10. 10. 10References1. The effect of intensive treatment of diabetes on the development and progression of long-termcomplications in in-sulin-dependent diabetes mellitus. The Diabetes Control and Complications TrialResearch Group. N Engl J Med 1993;329:977– 86.2. Sima AA, O’Neill SJ, Naimark D, Yagihashi S, Klass D. Bacterial phagocytosis andintracellular killing by alveolar macrophages in BB rats. Diabetes 1988;37:544–9.3. Masuda M, Murakami T, Egawa H, Murata K. Decreased fluidity of polymorphonuclearleukocyte membrane in strep-tozocin-induced diabetic rats. Diabetes 1990;39:466–70.4. Rayfield EJ, Ault MJ, Keusch GT, et al. Infection and diabetes: the case for glucose control[Review]. Am J Med 1982;72: 439–50.5. Hennessey PJ, Black CT, Andrassy RJ. Nonenzymatic glycosylation of immunoglobulin Gimpairs complement fixation. JPEN J Parenter Enteral Nutr 1991;15:60– 4.6. Black CT, Hennessey PJ, Andrassy RJ. Short-term hyperglycemia depresses immunitythrough nonenzymatic glycosylation of circulating immunoglobulin. J Trauma 1990;30:830–3.7. Hennessey PJ, Ford EG, Black CT, Andrassy RJ. Wound collagenase activity correlatesdirectly with collagen glycosylation in diabetic rats. J Pediatr Surg 1990;25:75– 8.8. Gadaleta D, Risucci DA, Nelson RL, et al. Effects of morbid obesity and diabetes mellitus onrisk of coronary artery bypass grafting. Am J Cardiol 1992;70:1613– 4.9. He G-W, Ryan WH, Acuff TE, et al. Risk factors for operative mortality and sternal woundinfection in bilateral internal mammary artery grafting. J Thorac Cardiovasc Surg 1991; 102:342–7.10. Grossi EA, Esposito R, Harris LJ, et al. Sternal wound infections and use of internalmammary artery grafts. J Thorac Cardiovasc Surg 1991;102:342–7.11. Singh AK, Feng WC. Sternal wound infection after myocardial revascularization with internalmammary artery. Indian Heart J 1993;45:29–31.12. Lust RM, Sun YS, Chitwood WR Jr. Internal mammary artery use. Sternal revascularizationand experimental infection patterns. Circulation 1991;84(Suppl 3):285-289.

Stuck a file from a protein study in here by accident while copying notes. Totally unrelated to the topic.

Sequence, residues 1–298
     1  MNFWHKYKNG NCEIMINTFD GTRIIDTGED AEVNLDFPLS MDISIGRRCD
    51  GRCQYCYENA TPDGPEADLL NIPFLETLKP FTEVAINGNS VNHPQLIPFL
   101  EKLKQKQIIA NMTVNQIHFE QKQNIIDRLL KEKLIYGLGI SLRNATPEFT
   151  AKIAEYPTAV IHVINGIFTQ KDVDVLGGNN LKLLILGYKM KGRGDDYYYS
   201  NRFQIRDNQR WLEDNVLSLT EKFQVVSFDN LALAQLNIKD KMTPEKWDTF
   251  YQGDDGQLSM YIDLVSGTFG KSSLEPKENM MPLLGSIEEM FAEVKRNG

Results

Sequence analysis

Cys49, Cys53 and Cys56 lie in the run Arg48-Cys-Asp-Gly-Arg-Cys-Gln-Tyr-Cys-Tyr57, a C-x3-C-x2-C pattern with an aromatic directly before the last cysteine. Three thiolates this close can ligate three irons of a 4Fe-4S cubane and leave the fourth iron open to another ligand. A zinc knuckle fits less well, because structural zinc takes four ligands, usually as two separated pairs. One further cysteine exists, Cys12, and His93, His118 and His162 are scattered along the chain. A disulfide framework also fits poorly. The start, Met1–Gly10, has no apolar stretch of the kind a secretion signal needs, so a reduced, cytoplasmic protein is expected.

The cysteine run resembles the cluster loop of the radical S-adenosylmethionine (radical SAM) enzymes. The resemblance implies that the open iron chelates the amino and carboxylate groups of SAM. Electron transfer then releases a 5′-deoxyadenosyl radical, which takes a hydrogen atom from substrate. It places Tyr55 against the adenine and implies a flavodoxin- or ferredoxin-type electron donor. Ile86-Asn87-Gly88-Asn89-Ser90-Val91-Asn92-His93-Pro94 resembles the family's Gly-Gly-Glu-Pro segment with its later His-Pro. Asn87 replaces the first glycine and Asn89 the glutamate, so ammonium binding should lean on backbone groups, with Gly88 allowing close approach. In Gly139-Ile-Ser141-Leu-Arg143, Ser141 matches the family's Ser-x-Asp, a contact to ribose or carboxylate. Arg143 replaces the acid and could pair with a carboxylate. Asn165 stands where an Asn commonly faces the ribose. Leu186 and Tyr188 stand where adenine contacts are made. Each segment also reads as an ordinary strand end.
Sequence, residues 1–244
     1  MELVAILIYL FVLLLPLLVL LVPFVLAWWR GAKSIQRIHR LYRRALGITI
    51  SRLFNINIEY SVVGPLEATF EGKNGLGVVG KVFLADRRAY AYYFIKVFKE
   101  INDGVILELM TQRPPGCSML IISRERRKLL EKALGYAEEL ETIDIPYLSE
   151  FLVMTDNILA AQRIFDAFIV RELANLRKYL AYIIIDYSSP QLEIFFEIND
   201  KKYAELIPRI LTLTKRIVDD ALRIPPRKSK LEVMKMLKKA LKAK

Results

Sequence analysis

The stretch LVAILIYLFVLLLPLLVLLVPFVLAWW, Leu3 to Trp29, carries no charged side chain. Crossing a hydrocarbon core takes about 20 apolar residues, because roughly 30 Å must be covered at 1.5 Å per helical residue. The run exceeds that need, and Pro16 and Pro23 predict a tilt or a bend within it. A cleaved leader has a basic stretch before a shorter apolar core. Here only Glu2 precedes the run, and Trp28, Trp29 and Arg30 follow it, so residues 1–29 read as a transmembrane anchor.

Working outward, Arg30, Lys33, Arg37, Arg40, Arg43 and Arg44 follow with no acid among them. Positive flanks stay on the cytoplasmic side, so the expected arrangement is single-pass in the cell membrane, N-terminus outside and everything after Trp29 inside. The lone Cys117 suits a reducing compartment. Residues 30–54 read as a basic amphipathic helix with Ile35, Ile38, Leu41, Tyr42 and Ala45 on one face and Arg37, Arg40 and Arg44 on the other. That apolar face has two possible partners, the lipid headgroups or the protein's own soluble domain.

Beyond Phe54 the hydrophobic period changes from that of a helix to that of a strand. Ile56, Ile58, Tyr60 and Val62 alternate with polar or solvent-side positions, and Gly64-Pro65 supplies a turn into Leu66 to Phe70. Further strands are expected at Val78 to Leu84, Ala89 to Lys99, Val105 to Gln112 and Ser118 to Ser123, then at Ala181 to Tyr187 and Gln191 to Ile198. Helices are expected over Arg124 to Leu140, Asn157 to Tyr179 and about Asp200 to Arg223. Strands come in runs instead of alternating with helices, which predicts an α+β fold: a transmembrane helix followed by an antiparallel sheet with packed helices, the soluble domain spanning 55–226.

11. 11. 11Appendix 1. Postoperative Insulin Protocol for Diabetic Patients1. Start infusion by pump piggyback to maintenance intravenous line as follows. Test blood glucoseby finger-stick method. Blood glucose level (in mg/dL) determines insulin rate: <150, 0 U/h; 150–200, 1 U/h; 201–250, 2 U/h; >251, 3 U/h.2. Frequency of blood glucose testing: (a) postoperatively every hour until stable (when frequent changes in insulin dosage are no longer necessary), then may test every 2 hours; (b) when weaning vasopressor agents (eg, adrenalin), check every 30 minutes until stable.3. Insulin titration based on blood glucose level (in mg/dL): (a) <75—stop insulin, give 25 mL D50 and recheck blood glucose in 30 minutes; when blood glucose >150 mg/dL, restart with rate 50% of previous rate; (b) 75–100—stop insulin; recheck blood glucose in 30 minutes; when blood glucose >150 mg/dL, restart with rate 50% of previous rate; (c) 101–150—decrease rate by 0.5 U/h or, if 10 mg/dL lower than last test, decrease rate by 50%; (d) 151–200—same rate; (e) 201–250—if lower than last test, same rate; if higher than last test, increase rate by 0.5 U/h; and (f) >250—if lower than last test, same rate; if higher than last test, increase rate by 1 U/h. If blood glucose is >251 mg/dL and has not decreased after three hourly increases in insulin, then double the insulin rate.4. Continue intravenous insulin administration postoperatively until patient is taking a full liquid diet.Consult MD for new orders at that time.5. Diabetic diet starts with any oral intake.